Roadmap to Navigating Value-Based Contracting Models in Cell Therapy
September 28, 2023 |
Cell therapy has emerged as a promising treatment option for various diseases, including cancer, autoimmune disorders, and genetic disorders. However, the high cost of these therapies has become a major concern for patients, payers, and pharmaceutical manufacturers. Value-based contracting models have been proposed as a potential solution to address this issue. In this article, I will discuss different value-based contracting models in cell therapy, the tradeoffs between each option, and provide a high-level suggestive roadmap on how to select the best option for both pharmaceutical manufacturers and managed care organizations.
Value-based contracting models in cell therapy
Value-based contracting is a reimbursement model that ties the price of a drug or therapy to its performance in real-world settings. In cell therapy, this means that the price of the therapy is tied to its ability to improve patient outcomes. There are several different value-based contracting models in cell therapy, including:
- Outcomes-based contracting: This model ties the price of the therapy to specific outcomes, such as overall survival or disease progression. Under this model, the pharmaceutical manufacturer and the managed care organization agree on a specific outcome, and the price of the therapy is adjusted based on whether or not that outcome is achieved.
- Risk-sharing contracting: This model shares the risk of the therapy's performance between the pharmaceutical manufacturer and the managed care organization. Under this model, the pharmaceutical manufacturer agrees to provide the therapy at a reduced price, and the managed care organization agrees to pay a higher price if the therapy is successful. If the therapy is not successful, the managed care organization pays a lower price.
- Capitation-based contracting: This model pays a fixed amount per patient per month for the cell therapy. The managed care organization pays the pharmaceutical manufacturer a fixed amount for each patient that receives the therapy, regardless of whether or not the therapy is successful.
Tradeoffs between each option
Each of these value-based contracting models has its own tradeoffs. Outcomes-based contracting can be challenging to implement because it requires a clear definition of what constitutes a successful outcome. Additionally, outcomes-based contracting may not be suitable for all types of cell therapies, as some therapies may have long-term benefits that are difficult to measure.
Risk-sharing contracting can be beneficial because it shares the risk of the therapy's performance between the pharmaceutical manufacturer and the managed care organization. However, this model can be complex to implement, and it requires a significant amount of trust between the parties.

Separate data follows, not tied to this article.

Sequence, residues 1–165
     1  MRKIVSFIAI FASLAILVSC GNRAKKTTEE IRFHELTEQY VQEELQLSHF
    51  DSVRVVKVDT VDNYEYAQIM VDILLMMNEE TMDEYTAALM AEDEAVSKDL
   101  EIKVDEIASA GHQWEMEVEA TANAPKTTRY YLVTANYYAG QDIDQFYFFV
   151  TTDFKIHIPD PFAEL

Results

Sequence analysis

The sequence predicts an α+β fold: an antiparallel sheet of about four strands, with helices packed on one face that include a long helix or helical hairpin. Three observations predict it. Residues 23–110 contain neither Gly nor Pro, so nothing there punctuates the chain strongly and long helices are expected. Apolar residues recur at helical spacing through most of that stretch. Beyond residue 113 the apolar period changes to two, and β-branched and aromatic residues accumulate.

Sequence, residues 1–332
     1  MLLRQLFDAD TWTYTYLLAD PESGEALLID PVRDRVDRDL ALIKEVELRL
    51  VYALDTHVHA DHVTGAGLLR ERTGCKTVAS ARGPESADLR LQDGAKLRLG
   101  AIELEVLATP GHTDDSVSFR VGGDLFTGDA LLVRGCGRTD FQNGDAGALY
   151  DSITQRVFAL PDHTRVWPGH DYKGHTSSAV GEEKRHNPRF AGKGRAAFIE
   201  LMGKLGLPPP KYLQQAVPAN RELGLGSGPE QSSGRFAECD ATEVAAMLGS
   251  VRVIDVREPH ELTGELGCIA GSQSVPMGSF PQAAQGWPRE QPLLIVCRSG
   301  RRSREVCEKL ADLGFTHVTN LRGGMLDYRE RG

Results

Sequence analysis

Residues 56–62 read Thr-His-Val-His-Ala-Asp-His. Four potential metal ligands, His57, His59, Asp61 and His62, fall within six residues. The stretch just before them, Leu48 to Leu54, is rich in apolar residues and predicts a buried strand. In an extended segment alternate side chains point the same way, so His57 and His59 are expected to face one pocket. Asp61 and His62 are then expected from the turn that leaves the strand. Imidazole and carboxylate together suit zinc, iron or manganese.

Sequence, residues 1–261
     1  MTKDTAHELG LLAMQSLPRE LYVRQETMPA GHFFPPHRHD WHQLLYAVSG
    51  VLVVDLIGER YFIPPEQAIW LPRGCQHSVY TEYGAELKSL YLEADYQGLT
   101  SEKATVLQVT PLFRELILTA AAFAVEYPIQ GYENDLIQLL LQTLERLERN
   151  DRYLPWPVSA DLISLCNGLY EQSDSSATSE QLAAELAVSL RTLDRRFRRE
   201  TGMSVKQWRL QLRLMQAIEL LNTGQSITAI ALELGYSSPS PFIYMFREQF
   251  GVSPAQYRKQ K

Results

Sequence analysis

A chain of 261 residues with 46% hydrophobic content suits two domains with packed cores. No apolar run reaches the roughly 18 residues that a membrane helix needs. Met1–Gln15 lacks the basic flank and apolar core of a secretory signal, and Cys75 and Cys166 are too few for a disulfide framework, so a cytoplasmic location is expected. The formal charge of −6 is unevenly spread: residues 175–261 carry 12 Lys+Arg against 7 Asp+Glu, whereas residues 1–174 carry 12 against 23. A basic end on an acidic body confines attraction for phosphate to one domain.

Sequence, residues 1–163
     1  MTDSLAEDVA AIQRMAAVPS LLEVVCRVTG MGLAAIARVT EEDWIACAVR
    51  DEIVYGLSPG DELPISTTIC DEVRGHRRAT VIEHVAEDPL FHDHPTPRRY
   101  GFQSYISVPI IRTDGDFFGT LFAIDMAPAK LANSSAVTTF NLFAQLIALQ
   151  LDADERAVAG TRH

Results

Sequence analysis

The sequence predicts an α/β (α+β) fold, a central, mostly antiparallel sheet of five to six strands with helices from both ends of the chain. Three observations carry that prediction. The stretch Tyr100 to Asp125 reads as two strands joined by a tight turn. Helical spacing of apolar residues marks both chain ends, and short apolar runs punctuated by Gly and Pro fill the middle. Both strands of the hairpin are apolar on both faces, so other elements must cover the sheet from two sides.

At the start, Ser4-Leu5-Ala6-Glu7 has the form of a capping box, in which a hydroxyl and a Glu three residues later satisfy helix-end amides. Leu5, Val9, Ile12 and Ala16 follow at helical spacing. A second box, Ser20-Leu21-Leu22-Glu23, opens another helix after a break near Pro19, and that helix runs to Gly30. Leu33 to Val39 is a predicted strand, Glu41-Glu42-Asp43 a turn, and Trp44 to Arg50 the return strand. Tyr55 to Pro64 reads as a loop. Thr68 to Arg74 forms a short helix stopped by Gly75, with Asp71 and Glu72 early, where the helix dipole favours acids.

Capitation-based contracting can be straightforward to implement, but it may not be appropriate for all cell therapies. This model may not be suitable for cell therapies that have a high cost per patient or that require significant follow-up care.
Selecting the best option for both pharmaceutical manufacturers and managed care organizations
Selecting the best value-based contracting model for cell therapy requires careful consideration of several factors. The first factor to consider is the type of cell therapy being used. Some cell therapies may be better suited for outcomes-based contracting, while others may be better suited for risk-sharing or capitation-based contracting.
Another factor to consider is the expected patient outcomes. If the therapy is expected to have a high success rate, then outcomes-based or risk-sharing contracting may be the best option. If the therapy is expected to have a lower success rate, then capitation-based contracting may be more appropriate.
Finally, both parties should consider the administrative burden of each model. Outcomes-based and risk-sharing contracting models require significant administrative resources, while capitation-based contracting may be more straightforward to implement.
The best value-based contracting option for a particular cell therapy will depend on various factors, including the therapy's benefits, patient population, and potential outcomes, as well as the needs and preferences of both the pharmaceutical manufacturer and the managed care organization or payer.
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